protective orders, Rolling Meadows criminal defense lawyer, Illinois criminal defense, Illinois protective order, protective order violationIn Illinois, there are three different types of protective orders (also referred to as restraining orders); emergency protective orders, interim protective orders, and plenary protective orders. If a protective order has been filed against you it is important that you understand which type of order you are facing so that you can take the necessary steps to protect your legal rights. Read on to learn about the three types of protective orders available in Illinois and then contact a local order of protection criminal defense lawyer to discuss your legal options.

Emergency Protective Orders

An emergency protective order offers short-term protection to the accuser and can be issued solely based on his or her testimony. Furthermore, under some circumstances an emergency protective order can be issued ex parte, i.e. against you without prior notice. Emergency protective orders are temporary in nature and are designed to be in effect until a full hearing for a more long-term protective order can be held (this usually takes place within 14-21 days).

Interim Protective Orders

In some cases it takes awhile before a full restraining order hearing can be held. When this happens, the court may issue an interim protective order to be in effect from the date on which the accuser’s emergency protective order expires until the full court hearing takes place. Interim protective orders can be in effect for up to 30 days. However, an interim protective order can only be issued against you in Illinois if you have had a chance to make an initial appearance in court and have been properly notified of the date on which your full restraining order hearing will take place.

Plenary Protective Orders

Plenary protective orders are unique because unlike the other types of protective orders that are available in Illinois plenary orders offer long-term protection. Plenary protective orders may last up to two years and, under 750 ILCS 60/220(e), may be renewed an unlimited number of times. However, a court will not issue a plenary protective order until after holding a hearing in which both the accuser and the accused have had a chance to present their cases.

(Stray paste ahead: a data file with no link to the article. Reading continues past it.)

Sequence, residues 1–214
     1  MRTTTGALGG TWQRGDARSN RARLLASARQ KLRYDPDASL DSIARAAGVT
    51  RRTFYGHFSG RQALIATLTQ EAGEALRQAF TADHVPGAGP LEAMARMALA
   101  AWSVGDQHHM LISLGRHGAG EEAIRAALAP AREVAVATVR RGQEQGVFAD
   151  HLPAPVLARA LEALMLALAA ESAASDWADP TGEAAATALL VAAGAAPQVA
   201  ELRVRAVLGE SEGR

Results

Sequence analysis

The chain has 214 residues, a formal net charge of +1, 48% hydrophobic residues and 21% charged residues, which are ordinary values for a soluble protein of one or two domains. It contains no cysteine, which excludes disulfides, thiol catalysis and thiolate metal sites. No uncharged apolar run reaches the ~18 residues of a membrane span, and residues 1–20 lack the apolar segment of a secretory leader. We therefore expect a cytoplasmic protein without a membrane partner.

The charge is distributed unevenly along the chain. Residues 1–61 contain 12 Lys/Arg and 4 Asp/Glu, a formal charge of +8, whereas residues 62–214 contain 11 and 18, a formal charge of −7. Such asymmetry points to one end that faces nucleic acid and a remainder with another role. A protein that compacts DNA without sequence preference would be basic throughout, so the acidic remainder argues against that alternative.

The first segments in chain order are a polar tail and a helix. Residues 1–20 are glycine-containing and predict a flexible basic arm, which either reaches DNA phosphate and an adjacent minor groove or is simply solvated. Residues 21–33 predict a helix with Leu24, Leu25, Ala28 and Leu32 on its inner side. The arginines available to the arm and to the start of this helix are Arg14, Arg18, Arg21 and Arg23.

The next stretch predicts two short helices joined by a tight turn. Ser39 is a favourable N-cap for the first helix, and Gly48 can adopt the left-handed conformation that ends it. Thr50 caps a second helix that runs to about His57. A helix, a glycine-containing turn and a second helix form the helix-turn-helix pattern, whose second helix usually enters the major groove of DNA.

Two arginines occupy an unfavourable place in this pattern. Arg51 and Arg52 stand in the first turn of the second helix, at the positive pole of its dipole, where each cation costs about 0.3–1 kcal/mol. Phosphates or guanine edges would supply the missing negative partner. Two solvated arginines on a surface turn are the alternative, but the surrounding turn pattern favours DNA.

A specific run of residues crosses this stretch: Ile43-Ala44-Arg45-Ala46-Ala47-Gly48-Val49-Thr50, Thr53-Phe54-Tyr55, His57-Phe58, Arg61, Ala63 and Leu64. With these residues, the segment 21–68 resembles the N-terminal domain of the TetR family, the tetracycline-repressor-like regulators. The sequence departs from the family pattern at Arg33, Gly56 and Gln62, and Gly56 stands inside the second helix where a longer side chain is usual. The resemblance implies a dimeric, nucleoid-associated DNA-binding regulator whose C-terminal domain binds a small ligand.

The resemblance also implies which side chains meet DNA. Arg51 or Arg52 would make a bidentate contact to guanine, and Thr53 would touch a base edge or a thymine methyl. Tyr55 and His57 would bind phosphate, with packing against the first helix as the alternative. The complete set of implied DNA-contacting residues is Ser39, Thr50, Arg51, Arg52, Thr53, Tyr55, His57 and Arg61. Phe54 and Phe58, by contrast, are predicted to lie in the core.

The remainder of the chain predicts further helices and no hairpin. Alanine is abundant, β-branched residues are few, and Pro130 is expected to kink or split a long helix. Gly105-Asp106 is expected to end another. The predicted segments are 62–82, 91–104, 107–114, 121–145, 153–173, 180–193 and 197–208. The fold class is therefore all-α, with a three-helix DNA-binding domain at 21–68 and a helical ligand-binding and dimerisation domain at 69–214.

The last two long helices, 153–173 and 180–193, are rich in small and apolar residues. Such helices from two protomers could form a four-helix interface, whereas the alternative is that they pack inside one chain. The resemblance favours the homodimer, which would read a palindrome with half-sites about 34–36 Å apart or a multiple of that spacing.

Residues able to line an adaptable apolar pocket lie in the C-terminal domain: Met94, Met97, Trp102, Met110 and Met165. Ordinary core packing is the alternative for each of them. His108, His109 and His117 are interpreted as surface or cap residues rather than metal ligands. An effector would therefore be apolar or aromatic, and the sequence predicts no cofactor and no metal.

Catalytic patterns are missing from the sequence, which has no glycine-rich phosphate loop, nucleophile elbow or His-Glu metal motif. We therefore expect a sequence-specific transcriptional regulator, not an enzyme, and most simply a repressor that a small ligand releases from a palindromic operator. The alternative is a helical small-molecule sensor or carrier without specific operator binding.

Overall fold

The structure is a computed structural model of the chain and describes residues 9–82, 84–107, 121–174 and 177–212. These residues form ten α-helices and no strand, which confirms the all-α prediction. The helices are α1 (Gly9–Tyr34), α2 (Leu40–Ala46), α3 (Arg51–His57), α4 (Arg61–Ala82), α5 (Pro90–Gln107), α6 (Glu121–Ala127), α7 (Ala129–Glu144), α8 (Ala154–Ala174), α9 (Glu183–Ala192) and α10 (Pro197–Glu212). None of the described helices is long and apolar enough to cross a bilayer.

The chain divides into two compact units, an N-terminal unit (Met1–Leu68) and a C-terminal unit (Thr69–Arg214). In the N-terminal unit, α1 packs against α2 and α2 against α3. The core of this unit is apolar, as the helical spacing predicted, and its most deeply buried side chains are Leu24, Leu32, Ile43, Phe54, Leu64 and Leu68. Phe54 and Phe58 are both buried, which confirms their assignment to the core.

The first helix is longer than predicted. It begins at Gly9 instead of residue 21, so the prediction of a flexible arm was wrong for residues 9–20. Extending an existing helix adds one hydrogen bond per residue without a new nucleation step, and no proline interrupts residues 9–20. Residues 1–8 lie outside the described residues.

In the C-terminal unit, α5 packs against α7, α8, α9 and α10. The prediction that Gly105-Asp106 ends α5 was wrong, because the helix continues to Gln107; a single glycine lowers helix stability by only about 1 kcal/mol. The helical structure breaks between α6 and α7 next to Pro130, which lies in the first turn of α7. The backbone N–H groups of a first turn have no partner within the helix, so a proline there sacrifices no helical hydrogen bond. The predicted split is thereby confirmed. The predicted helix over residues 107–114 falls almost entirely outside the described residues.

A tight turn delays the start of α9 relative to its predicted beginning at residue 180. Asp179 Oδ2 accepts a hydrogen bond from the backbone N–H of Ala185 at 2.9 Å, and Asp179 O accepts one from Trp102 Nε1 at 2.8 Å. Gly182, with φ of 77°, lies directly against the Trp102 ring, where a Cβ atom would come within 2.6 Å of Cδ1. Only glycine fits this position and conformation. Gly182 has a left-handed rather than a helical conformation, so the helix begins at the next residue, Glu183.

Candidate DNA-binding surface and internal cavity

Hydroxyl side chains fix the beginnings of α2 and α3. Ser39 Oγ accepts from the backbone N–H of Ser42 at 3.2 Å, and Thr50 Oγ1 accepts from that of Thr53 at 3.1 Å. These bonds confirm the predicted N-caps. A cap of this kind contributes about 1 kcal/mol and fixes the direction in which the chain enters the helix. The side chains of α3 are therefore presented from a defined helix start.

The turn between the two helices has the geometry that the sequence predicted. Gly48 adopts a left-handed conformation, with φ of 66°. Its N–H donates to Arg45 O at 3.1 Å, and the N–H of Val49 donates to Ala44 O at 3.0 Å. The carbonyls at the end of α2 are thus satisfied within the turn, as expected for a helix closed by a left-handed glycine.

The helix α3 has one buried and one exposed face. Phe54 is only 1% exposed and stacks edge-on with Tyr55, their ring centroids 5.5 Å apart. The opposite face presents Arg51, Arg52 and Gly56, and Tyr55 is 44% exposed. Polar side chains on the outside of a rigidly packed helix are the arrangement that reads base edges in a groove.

A Protective Order Has Been Filed Against Me, What Should I Do Now?

The circumstances surrounding each protective order are different, so the best thing that you can do is consult with a local criminal defense attorney about the specifics of your case. However, it is generally also advisable to avoid all contact with your accuser (this includes calling or texting them!), attend every hearing that has been scheduled, and fully comply with every provision of the order against you.

Reach Out to Us for Assistance

If you need help opposing an Illinois protective order, or defending yourself against an alleged protective order violation, the experienced Rolling Meadows criminal defense lawyers of The Law Offices of Christopher M. Cosley are here to help. Our firm is located in Rolling Meadows but we are dedicated to defending adults and juveniles throughout the greater Chicago area.

Source:

http://www.ilga.gov/legislation/ilcs/fulltext.asp?DocName=075000600K220

The Ramifications of Illinois Minor in Possession Charges

July 12th, 2017 at 7:00 am

Class A misdemeanor, juvenile crimes, minor in possession, Rolling Meadows juvenile crimes attorney, underage drinkingFor good or ill, underage drinking is a rite of passage for many young people, though it often leads to legal trouble for those involved.  While such issues are commonly seen as youthful peccadilloes, in reality an underage drinking issue can affect a young adult’s future in a significant manner.

If a parent or authority figure becomes aware of minor in possession charges entered against a son, daughter or ward, it is incumbent upon both them and the young adult to become aware of the potential consequences if convicted of such a charge.

Restrictions & Exceptions

Illinois has very strict regulations regarding minors caught with alcohol. Generally, if one is under the age of 21, it is illegal to either possess or consume alcohol. If they are observed doing so in public or in ‘a place open to the public,’ they may be charged with a Class A misdemeanor.